No way around talking vaccines now, is there?
I’ve tried, but with Carson Wentz, Ryan Kelly, and Zach Pascal going on the Reserve/Covid-19 list today, there is no avoiding virology as we discuss football.
Full disclosure – there are two reasons I got the Johnson & Johnson vaccine. The first is that epidemiologists told me getting the vaccine is the quickest way to return to some semblance of a normal life, and I was also told it was the best way possible for me to help keep those I love safe. More disclosure – I took the J&J vaccine because it was one shot instead of two. I’m not a fan of shots, so I took the single dose.
One weakness I happily admit to is that I am not an epidemiologist, and I cannot pretend to know more than those who have spent a lifetime studying the behavior of viruses. When I need legal advice, I don’t read online posts offering judicial counsel, and when I need advice on viruses, I don’t google “Covid” and read until I stumble upon research that agrees with what my gut tells me.
I find experts and quiz them.
As far as the Colts are concerned, we don’t know whether those who are on the Covid List are there due to a positive test or contract tracing. We also don’t know whether these three players – each essential to the success or failure of the team during their season opener September 12 – has been vaccinated or has not been vaccinated. We have a pretty good idea because of who wears a mask during team activities, but that’s not a sure thing, so let’s not even go there.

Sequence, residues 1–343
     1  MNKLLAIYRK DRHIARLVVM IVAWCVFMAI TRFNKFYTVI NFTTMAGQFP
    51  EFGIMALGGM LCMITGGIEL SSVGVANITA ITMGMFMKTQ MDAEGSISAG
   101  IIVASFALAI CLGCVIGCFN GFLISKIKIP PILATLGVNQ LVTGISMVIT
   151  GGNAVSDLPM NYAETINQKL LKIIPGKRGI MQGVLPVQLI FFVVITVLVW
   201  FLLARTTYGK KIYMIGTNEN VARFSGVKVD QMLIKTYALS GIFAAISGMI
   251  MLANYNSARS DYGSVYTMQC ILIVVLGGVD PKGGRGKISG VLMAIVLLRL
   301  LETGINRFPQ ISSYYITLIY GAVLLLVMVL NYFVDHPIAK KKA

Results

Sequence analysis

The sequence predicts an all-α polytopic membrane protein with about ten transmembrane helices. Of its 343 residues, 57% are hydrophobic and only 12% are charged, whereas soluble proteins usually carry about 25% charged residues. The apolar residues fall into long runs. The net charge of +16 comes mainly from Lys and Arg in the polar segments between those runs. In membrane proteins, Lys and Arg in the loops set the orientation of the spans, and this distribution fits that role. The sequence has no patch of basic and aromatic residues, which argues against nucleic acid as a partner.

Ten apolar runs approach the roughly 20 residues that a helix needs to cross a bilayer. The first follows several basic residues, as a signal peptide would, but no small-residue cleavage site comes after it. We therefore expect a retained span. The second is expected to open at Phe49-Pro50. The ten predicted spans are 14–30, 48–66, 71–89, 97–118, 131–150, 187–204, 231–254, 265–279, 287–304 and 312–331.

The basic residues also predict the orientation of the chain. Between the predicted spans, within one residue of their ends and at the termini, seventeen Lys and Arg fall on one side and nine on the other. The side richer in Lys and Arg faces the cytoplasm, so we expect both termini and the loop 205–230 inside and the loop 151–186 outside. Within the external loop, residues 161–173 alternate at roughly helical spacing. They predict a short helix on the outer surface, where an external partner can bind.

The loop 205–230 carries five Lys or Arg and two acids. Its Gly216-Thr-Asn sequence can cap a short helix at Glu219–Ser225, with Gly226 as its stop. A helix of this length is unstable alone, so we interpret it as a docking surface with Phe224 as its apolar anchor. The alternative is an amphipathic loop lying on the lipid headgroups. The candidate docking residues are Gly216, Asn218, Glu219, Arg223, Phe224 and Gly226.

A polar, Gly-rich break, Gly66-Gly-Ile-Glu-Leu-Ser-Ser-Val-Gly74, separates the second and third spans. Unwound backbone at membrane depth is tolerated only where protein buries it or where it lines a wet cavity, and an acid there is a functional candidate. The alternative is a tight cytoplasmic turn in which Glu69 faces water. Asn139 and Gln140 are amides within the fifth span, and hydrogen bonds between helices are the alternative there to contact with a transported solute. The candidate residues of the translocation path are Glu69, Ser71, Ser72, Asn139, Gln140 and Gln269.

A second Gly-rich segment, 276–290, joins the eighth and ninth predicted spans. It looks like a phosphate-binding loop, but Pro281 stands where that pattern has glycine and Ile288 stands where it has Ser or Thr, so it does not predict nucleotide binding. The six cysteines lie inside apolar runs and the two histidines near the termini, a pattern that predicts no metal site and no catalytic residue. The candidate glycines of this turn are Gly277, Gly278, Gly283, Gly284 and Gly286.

The Colts can’t tell us about positive tests or vaccination status because of HIPPA rules that make private the health standing of all Americans. Guess if you like, but I will refrain.
We do know that the Colts are among the least vaccinated teams in the NFL. Frank Reich told us that his roster’s vaccination rate was approaching 75%. League wide, the vaccination rate has been reported by the NFL to be at 93%. There are roughly 200 NFL players yet to be vaccinated, and the Colts account for roughly 10%.
Why there is a reluctance on the Colts roster when – again, according to the NFL – vaccinated players have tested positive at a rate of 0.3 percent, while unvaccinated players tested positive at a rate seven times higher (2.2 percent)? Add psychologist and sociologist to the list of things I am not, so I don’t know.
But I do know this – teammates and fans have every right to be hot, if because of NFL protocols, a team loses a regular season game as the result of a player or players not being vaccinated. This is the kind of thing that can divide a team and that team’s fans.
The decision to distrust the government and media has been proven a wise one from time to time. We are lied to with such maddening repetition that being skeptical of a vaccine or gene therapy is a natural reflex for many. Denying information and insight from a preponderance of medical professionals is a different issue.
Putting those around you at risk because of your pessimism is like driving your family car 135 miles an hour while they sleep. If you are a really good driver, the odds are reasonably good everyone arrives safe and sound, but dismissing the increased risk is wildly irresponsible.
Penalizing teammates, staff, coaches, and fans because of a personal aversion to modern medicine and those who advise us on such serious matters is a dereliction of responsibility to a collective, and it should be viewed through that lens.
I hope Wentz, Kelly, and Pascal are either contract tracing victims or asymptomatic. If not, I hope they recover quickly. More than anything, I want them on the field September 12th because that is their job – and they are paid exceptionally well to do it. Season ticket holders pay a hefty price for their tickets, and players skipping a game instead of getting a shot shows a troubling indifference to a wide array of collectives.